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Facebook’s Latest Privacy Challenge

FB privacy

Described as a “Big Brother move”, Facebook’s new eavesdropping feature has reached an entirely new level of creepy. The opt-in feature turns on your smartphone’s microphone and picks up on surrounding noises like music, TV or even conversations. The mobile app then posts a status update like “Watching Orange is the New Black” or “Listening to Iggy Azalea”.

Facebook spokesperson Momo Zhou spoke to Kashmir Hill about the feature in a recent article on Forbes. Zhou insists that Facebook has no interest in private conversations and audio recordings will not be saved. “We’re not recording audio or sound and sending it to Facebook or its servers,” Zhou says. “We turn the audio it hears into a code — code that is not reversible into audio — and then we match it against a database of code.”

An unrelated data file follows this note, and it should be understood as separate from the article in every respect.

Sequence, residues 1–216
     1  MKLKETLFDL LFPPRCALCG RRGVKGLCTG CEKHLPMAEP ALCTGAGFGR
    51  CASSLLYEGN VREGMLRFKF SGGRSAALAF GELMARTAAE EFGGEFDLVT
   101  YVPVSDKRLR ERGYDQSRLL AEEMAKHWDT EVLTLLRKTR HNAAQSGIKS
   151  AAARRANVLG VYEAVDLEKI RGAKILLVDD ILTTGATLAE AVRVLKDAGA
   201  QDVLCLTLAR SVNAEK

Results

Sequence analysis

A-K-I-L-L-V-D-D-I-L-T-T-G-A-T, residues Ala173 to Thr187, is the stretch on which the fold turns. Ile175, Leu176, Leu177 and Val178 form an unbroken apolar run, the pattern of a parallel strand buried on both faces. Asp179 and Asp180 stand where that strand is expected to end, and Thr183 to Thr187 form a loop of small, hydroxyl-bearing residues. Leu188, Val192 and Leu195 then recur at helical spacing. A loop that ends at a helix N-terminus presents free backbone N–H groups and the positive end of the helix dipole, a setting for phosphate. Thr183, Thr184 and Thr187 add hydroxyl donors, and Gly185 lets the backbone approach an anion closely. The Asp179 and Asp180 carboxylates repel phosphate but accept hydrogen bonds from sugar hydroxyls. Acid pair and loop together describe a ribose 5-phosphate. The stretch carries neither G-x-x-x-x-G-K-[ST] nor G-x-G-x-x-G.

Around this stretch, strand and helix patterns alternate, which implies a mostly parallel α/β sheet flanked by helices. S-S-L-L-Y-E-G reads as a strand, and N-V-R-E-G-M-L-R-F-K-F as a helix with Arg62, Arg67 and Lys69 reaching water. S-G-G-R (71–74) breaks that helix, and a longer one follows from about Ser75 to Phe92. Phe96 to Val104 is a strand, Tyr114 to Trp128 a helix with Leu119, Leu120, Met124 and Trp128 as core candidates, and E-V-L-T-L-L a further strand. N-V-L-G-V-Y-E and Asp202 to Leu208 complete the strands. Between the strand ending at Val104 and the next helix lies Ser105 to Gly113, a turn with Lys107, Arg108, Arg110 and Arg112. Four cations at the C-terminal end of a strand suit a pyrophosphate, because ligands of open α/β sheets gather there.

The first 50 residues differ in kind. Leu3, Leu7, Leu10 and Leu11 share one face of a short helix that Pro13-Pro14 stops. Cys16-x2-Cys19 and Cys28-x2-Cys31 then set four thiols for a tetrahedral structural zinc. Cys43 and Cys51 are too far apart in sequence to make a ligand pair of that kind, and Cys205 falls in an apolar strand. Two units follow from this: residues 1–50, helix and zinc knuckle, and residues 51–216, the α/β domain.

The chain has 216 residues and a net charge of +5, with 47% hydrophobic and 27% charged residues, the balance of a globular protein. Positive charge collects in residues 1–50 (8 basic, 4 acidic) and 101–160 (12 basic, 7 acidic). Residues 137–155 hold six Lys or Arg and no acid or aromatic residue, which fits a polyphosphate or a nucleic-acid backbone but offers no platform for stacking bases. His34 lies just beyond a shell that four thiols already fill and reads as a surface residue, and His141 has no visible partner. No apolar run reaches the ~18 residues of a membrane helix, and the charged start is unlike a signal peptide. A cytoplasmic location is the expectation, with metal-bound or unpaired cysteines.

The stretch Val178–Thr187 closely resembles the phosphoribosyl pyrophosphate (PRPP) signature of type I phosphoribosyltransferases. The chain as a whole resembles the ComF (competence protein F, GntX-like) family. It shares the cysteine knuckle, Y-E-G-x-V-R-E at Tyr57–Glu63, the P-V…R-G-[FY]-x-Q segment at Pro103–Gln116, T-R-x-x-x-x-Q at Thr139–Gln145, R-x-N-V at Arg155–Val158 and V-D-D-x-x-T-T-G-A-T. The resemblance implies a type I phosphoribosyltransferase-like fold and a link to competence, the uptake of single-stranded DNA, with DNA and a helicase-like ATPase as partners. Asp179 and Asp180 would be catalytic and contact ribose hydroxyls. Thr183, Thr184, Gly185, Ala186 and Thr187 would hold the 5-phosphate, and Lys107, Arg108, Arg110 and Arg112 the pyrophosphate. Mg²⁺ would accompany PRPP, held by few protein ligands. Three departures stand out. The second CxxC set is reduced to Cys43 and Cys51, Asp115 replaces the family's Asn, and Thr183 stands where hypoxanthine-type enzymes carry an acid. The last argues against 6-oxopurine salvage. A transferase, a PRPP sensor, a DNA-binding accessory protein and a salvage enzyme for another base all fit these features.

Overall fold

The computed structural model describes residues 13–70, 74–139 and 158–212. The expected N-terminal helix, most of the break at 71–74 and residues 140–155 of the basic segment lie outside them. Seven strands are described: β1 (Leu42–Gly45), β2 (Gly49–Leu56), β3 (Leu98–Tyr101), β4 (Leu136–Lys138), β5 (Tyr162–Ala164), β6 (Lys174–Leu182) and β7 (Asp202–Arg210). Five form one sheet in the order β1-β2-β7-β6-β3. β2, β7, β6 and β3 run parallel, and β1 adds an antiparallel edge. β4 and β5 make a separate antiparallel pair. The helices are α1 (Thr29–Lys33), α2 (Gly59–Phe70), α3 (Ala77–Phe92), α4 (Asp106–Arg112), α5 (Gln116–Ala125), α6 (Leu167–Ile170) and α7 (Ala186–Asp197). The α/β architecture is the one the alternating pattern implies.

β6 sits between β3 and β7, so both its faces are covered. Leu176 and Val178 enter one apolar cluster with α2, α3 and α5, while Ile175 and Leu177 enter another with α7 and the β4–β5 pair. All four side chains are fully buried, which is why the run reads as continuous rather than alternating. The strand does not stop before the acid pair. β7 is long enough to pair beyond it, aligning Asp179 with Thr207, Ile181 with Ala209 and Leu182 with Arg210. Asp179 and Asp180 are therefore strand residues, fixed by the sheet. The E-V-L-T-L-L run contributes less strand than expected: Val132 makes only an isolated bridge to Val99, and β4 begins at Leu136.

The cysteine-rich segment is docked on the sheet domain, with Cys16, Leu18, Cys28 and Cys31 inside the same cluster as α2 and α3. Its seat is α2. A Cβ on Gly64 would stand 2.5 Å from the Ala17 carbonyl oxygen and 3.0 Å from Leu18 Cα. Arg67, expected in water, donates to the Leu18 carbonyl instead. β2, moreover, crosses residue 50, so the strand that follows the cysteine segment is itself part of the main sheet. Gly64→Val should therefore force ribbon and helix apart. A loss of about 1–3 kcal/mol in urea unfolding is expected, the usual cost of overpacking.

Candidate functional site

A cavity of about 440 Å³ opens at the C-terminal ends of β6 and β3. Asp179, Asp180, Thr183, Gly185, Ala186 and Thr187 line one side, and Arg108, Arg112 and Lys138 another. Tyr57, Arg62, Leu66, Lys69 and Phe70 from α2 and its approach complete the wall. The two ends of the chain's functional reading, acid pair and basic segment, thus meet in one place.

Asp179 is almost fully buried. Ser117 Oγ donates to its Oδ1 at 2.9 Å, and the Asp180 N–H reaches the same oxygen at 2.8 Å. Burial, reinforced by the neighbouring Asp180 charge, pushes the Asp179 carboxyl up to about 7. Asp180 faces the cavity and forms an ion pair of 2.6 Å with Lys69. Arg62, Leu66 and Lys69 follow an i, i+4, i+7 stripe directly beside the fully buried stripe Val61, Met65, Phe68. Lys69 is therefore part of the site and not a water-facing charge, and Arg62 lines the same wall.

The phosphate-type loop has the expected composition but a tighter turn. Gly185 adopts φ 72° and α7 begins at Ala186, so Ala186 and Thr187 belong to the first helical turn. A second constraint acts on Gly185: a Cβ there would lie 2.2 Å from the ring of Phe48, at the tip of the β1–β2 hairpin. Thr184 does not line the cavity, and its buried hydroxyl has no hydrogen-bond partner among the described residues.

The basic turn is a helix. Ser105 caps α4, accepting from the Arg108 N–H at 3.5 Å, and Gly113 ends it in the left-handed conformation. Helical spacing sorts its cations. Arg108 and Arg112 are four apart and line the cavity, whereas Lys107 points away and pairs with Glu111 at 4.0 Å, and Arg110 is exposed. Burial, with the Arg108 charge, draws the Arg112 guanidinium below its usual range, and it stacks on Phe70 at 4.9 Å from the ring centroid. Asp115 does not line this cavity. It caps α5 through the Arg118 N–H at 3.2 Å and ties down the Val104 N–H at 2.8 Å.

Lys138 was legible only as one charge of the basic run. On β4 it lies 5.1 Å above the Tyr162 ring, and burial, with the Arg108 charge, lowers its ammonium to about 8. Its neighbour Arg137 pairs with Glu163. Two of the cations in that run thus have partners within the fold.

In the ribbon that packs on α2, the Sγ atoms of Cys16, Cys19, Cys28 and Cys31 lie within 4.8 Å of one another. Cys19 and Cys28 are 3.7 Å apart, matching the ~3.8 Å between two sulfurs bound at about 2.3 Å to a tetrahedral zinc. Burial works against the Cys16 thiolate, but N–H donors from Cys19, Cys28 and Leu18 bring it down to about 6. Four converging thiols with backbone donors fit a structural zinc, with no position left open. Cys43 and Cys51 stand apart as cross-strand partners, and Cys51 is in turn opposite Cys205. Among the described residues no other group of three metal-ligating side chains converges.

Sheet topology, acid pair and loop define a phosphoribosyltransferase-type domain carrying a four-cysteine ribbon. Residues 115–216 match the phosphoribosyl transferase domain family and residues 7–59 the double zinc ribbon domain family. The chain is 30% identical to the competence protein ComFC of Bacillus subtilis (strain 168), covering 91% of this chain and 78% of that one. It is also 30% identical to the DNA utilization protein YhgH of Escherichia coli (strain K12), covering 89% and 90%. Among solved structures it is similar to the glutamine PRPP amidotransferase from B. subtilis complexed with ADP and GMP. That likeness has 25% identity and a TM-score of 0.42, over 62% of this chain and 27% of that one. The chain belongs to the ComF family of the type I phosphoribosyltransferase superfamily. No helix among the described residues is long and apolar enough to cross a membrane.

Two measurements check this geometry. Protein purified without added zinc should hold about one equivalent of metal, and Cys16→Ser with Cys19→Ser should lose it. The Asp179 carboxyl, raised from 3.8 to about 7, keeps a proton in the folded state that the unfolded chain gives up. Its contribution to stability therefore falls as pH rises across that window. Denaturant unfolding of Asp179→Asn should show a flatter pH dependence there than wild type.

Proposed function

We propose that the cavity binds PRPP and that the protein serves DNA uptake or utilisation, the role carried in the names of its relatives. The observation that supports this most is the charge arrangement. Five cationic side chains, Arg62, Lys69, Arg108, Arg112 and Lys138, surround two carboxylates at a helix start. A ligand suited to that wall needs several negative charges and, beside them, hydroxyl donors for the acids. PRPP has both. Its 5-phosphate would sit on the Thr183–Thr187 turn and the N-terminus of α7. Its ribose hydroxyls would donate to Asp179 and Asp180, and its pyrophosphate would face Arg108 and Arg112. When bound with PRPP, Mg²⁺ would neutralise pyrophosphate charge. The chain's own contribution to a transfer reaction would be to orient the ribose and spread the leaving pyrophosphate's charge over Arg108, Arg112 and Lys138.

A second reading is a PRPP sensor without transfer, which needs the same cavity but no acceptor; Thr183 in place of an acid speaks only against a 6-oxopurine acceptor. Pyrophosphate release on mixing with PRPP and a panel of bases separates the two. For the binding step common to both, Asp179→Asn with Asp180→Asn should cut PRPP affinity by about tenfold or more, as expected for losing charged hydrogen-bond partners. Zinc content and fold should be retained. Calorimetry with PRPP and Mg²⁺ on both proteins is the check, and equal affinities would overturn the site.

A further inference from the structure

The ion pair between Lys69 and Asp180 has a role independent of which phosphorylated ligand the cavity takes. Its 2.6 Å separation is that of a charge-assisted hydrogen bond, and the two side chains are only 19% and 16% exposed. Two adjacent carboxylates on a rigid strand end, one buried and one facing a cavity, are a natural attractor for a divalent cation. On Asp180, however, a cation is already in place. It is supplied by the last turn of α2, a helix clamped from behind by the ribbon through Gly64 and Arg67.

Kashmir Hill shares some interesting thoughts about the new feature, focusing specifically on why Facebook continues to push the limits of privacy invasion “in these days of Snowden surveillance revelations”. Hill believes Facebook is encouraging users to constantly share stream-of-consciousness type information. Facebook, Hill concludes, “wants to displace Twitter as the go-to place for real-time commenting on sporting events, awards shows, and other communal television watching”.

The feature has sparked a wave of outrage among Facebook users and has resulted in a petition for its removal. The petition currently has over 585,000 signatures.

In a world of catfishing, government surveillance, stalking and random Facebook “acquaintances”, privacy is a huge concern. Understanding and maintaining privacy settings is an important aspect of protecting yourself against privacy invasion.